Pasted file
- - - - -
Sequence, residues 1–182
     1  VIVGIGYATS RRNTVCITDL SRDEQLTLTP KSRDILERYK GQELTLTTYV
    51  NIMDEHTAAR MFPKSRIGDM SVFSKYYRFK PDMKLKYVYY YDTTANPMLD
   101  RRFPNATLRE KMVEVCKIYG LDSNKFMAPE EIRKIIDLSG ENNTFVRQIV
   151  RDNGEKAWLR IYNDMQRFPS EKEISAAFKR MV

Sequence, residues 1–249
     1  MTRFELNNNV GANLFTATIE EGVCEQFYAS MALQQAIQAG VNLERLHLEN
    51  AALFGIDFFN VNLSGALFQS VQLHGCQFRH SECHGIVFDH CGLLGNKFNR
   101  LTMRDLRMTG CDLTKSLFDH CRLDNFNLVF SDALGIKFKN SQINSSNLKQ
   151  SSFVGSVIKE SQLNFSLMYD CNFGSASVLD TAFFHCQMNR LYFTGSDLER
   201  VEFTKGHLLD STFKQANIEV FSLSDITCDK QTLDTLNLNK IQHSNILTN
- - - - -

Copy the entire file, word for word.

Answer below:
Sequence, residues 1–182
     1  VIVGIGYATS RRNTVCITDL SRDEQLTLTP KSRDILERYK GQELTLTTYV
    51  NIMDEHTAAR MFPKSRIGDM SVFSKYYRFK PDMKLKYVYY YDTTANPMLD
   101  RRFPNATLRE KMVEVCKIYG LDSNKFMAPE EIRKIIDLSG ENNTFVRQIV
   151  RDNGEKAWLR IYNDMQRFPS EKEISAAFKR MV

Sequence, residues 1–249
     1  MTRFELNNNV GANLFTATIE EGVCEQFYAS MALQQAIQAG VNLERLHLEN
    51  AALFGIDFFN VNLSGALFQS VQLHGCQFRH SECHGIVFDH CGLLGNKFNR
   101  LTMRDLRMTG CDLTKSLFDH CRLDNFNLVF SDALGIKFKN SQINSSNLKQ
   151  SSFVGSVIKE SQLNFSLMYD CNFGSASVLD TAFFHCQMNR LYFTGSDLER
   201  VEFTKGHLLD STFKQANIEV FSLSDITCDK QTLDTLNLNK IQHSNILTN